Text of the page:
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ARS Home » Southeast Area » Auburn, Alabama » Soil Dynamics Research » Research » Publications at this Location » Publication #354936

Research Project: Enhancing Production and Ecosystem Services of Horticultural and Agricultural Systems in the Southeastern United States

Location: Soil Dynamics Research

Title: Beneficial use of classified paper waste for training land rehabilitation

item BUSBY, RYAN - Environmental Laboratory, Us Army Engineer Research And Development Center, Waterways Experiment St
item Torbert, Henry - Allen
item Prior, Stephen - Steve

Submitted to: Strategic Environmental Research and Development Program (SERDP) Environmental Restoration Focus Area
Publication Type: Abstract Only
Publication Acceptance Date: 11/14/2018
Publication Date: 12/29/2018
Citation: Busby, R.R., Torbert III, H.A., Prior, S.A. 2018. Beneficial use of classified paper waste for training land rehabilitation [abstract]. Strategic Environmental Research and Development Program (SERDP) Environmental Restoration Focus Area. CDROM.

Interpretive Summary:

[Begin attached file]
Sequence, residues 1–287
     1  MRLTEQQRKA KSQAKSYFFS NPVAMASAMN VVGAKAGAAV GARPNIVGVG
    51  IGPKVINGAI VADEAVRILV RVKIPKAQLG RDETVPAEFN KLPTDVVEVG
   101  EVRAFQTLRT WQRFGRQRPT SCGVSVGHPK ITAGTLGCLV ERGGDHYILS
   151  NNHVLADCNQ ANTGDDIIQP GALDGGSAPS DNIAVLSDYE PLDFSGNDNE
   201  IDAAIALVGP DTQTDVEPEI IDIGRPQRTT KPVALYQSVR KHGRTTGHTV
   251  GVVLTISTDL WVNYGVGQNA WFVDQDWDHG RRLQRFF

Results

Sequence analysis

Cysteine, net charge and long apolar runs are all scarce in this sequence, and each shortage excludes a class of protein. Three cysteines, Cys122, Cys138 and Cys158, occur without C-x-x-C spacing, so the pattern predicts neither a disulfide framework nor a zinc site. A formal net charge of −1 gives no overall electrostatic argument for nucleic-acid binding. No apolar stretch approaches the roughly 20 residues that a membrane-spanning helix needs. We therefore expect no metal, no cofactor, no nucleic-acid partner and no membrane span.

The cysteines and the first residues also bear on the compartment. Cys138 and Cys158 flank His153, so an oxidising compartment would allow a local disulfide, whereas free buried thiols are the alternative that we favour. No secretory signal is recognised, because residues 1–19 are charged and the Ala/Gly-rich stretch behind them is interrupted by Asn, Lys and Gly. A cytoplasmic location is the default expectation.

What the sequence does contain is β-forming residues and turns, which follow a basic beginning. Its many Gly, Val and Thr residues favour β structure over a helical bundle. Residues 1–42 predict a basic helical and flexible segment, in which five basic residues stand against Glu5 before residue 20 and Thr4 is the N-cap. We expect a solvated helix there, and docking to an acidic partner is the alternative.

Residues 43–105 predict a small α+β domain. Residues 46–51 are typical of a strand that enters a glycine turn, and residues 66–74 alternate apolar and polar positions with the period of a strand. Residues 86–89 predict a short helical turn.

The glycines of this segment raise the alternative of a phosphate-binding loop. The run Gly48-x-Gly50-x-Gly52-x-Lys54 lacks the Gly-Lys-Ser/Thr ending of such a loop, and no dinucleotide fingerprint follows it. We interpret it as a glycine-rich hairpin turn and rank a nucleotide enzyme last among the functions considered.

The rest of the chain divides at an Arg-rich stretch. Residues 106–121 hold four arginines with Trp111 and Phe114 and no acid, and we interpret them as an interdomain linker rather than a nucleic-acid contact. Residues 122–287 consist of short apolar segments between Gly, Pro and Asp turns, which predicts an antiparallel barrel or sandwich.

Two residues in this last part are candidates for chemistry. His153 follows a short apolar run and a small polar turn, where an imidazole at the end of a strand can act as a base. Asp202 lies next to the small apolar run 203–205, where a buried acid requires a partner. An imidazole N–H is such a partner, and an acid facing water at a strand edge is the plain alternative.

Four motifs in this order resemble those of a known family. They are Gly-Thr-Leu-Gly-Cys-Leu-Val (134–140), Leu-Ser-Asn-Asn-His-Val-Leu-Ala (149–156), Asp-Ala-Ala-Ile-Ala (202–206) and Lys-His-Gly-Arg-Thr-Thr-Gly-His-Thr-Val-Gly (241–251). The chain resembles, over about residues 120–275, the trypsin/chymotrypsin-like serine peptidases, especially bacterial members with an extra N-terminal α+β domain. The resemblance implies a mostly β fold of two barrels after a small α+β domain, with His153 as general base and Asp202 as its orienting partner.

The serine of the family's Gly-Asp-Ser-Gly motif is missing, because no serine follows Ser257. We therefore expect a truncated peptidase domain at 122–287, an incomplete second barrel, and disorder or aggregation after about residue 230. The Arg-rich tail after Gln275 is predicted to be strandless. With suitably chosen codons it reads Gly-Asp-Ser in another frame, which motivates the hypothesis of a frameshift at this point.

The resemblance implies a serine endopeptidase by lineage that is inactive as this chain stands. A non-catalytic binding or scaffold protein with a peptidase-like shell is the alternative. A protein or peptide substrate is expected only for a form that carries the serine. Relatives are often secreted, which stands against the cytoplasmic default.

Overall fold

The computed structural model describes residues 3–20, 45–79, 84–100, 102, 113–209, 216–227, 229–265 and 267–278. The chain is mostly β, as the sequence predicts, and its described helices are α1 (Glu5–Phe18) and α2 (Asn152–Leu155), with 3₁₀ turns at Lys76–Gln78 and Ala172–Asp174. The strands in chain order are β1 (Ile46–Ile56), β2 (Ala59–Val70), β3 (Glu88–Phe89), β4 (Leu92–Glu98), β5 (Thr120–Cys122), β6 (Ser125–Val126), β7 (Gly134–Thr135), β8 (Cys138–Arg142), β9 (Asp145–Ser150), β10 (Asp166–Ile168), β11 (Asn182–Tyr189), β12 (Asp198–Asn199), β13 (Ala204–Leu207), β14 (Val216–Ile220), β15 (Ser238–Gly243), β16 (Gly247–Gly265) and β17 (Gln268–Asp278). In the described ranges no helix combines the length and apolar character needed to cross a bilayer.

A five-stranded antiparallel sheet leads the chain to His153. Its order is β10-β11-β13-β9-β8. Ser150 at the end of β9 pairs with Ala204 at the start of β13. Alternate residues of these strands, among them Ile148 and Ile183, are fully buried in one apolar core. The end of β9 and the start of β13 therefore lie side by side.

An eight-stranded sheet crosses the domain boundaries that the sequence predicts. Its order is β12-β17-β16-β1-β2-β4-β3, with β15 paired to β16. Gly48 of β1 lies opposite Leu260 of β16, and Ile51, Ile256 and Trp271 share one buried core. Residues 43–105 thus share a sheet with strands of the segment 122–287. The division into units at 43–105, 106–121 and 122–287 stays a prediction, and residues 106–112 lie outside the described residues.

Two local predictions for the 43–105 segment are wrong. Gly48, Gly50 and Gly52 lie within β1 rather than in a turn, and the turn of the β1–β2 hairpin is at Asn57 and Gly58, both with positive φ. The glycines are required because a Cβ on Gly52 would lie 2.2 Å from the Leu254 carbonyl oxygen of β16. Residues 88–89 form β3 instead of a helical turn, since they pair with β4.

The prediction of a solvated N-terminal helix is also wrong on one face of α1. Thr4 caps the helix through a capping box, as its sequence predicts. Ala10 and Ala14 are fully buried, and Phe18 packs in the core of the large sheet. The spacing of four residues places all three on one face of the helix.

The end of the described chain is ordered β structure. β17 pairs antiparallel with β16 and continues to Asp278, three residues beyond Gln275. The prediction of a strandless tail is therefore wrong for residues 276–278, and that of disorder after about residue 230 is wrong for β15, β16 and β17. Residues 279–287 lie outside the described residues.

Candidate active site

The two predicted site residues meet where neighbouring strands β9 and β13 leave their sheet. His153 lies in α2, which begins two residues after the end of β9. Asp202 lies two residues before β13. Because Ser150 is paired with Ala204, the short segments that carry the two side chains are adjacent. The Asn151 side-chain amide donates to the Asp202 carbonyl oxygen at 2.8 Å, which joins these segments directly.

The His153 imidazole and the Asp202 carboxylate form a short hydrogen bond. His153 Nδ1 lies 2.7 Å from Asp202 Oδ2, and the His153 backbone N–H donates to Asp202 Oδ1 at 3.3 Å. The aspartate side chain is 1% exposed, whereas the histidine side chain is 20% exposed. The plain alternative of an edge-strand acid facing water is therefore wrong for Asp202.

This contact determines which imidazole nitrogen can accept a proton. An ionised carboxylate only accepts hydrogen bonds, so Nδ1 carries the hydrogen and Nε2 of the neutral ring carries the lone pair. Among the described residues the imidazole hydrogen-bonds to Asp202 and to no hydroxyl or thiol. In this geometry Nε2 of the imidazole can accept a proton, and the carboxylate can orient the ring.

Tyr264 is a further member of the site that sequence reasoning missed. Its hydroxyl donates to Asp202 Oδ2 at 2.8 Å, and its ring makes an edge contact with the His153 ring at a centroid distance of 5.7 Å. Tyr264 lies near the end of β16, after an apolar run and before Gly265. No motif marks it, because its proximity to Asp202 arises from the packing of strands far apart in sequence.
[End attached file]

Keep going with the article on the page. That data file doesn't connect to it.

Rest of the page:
Technical Abstract: This project will demonstrate and validate utilization of pulverized waste paper as an organic soil amendment for rehabilitation of disturbed training lands. Large quantities of classified documents are landfilled by the Department of Defense (DoD) since they have been pulverized too finely to be recycled. However, on military training lands requiring rehabilitation, this material can be used to reestablish native warm season perennial grasses adapted to nutrient poor soils. Abundant soil nitrogen can hinder native grass establishment, thus the addition of a carbon rich amendment (i.e., pulverized paper) can decreased nitrogen availability over the short term which favors grass establishment. Paper was analyzed to determine available plant nutrients and to ensure low contaminant concentrations. Two study sites were established at Fort Polk, LA. Paper was applied at rates of 18, 36, 54, and 72 Mg ha-1 at one site while rates at the other site were halved (9, 18, 27, and 36 Mg ha-1). Paper treatments, a standard practice treatment, and a control were replicated 4 times at each site in a randomized complete block design. Data collection consisted of plant species composition and biomass, plant nutrient concentrations, soil respiration, and soil physiochemical properties. Overall, first year data indicated that paper application worked as expected. Nitrogen was immobilized as decomposition occurred, reducing invasive plant growth and favoring native grass establishment. Soil properties improved, which should have a lasting effect on drainage, erosion, and plant growth. After year one, the 27 Mg ha-1 paper application appears to provide the greatest benefit to both soil and plants. This project will provide a unique alternative to the disposal of pulverized classified documents. Since DoD is the largest US producer of classified documents, providing an alternative to landfilling pulverized paper will result in reduced operational costs while simultaneously supporting rehabilitation of DoD training lands.